Subscribe

A new opportunity for artists with disabilities

For the program ArtWorks, local business leaders commission pieces for their office spaces and ArtWorks participants work with established artists to fulfill the commissions.

  • close
    Sunia Breningstall works on a piece for Cobiz Bank in Denver.
    Damon McLeese
    View Caption
  • About video ads
    View Caption
of

In a regal bank lobby whose paneling and marble screamed 1800s, a group of Denver artists dared to install a contemporary abstract work – the most ambitious step yet for ArtWorks.

ArtWorks is a recent program launched by VSA Colorado/Access Gallery, which uses art to train and support young people with disabilities. For ArtWorks, Damon McLeese, director of VSA Colorado, solicits local business leaders to commission pieces for their office spaces and then partners ArtWorks participants with established artists to fulfill the commissions.

While ArtWorks has not yet spread beyond Denver since its 2014 launch, Mr. McLeese is getting queries from others affiliated with VSA, a nonprofit established by Jean Kennedy Smith in 1974. Annually around the world, nearly 5 million people participate in VSA programs such as the Denver classes that use art projects to teach teamwork and promptness.

McLeese, who says 70 percent of Americans with disabilities are unemployed, was frustrated that his trainees weren’t finding jobs. With ArtWorks, professional artists get a share of commissions and the assistants are paid an hourly rate close to minimum wage.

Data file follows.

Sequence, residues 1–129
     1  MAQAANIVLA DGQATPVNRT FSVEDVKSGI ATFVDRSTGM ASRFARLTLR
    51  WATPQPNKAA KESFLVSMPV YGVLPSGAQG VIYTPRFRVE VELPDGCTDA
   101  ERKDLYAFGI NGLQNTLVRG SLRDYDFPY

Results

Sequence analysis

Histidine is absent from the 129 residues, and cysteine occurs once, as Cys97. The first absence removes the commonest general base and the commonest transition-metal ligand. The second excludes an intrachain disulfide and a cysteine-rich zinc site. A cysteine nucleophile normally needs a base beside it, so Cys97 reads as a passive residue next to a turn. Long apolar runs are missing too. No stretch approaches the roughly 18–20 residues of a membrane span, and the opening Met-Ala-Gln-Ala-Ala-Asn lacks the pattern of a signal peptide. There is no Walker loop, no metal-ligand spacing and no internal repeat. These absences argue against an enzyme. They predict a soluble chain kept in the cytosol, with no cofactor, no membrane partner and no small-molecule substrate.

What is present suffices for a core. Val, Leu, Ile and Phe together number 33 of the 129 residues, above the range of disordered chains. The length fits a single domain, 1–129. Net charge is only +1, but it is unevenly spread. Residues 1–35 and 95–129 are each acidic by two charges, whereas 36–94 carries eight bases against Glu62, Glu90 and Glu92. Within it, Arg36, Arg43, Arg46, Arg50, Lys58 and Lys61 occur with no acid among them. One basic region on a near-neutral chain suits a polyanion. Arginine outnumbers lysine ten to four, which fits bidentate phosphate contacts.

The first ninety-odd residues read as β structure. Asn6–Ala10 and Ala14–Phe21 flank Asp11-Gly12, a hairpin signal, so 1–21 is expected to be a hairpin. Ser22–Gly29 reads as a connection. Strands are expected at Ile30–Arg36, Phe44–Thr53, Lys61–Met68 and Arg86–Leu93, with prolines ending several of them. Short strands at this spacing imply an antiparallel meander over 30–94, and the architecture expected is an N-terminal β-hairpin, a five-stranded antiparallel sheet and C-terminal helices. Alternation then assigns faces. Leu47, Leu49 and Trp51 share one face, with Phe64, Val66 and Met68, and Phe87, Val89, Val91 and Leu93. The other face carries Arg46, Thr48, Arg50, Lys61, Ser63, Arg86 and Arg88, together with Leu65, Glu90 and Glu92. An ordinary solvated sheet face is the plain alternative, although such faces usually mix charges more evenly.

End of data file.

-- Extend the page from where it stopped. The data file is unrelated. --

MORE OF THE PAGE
For the 8-by-12-foot abstract in the Colorado Business Bank, painter Michael Gadlin sketched out the design in swaths of red and blue. He then put assistants to work with mops and brooms instead of brushes. Throughout the project they learned about the rigor, audacity, and ambition that goes into making art. A.J. Kiel, a 25-year-old with autism who is an avid sketcher, used his earnings from the project to buy more art supplies.  

Mr. Gadlin solicited input from his assistants, too. It was student Richard Johnson’s idea to use glints of gold to tie the painting to the lobby’s gilded ceiling. At the piece’s unveiling, Gadlin noticed that Mr. Johnson, who died before the ceremony, had used gold lettering to spell out “airborne” on the canvas. 

“That’s what it’s called,” says Gadlin of the completed piece. “It’s taken us all to new levels.”

About these ads
Sponsored Content by LockerDome
 
 
Make a Difference
Inspired? Here are some ways to make a difference on this issue.
FREE Newsletters
Get the Monitor stories you care about delivered to your inbox.
 

We want to hear, did we miss an angle we should have covered? Should we come back to this topic? Or just give us a rating for this story. We want to hear from you.

Loading...

Loading...

Loading...

Save for later

Save
Cancel

Saved ( of items)

This item has been saved to read later from any device.
Access saved items through your user name at the top of the page.

View Saved Items

OK

Failed to save

You reached the limit of 20 saved items.
Please visit following link to manage you saved items.

View Saved Items

OK

Failed to save

You have already saved this item.

View Saved Items

OK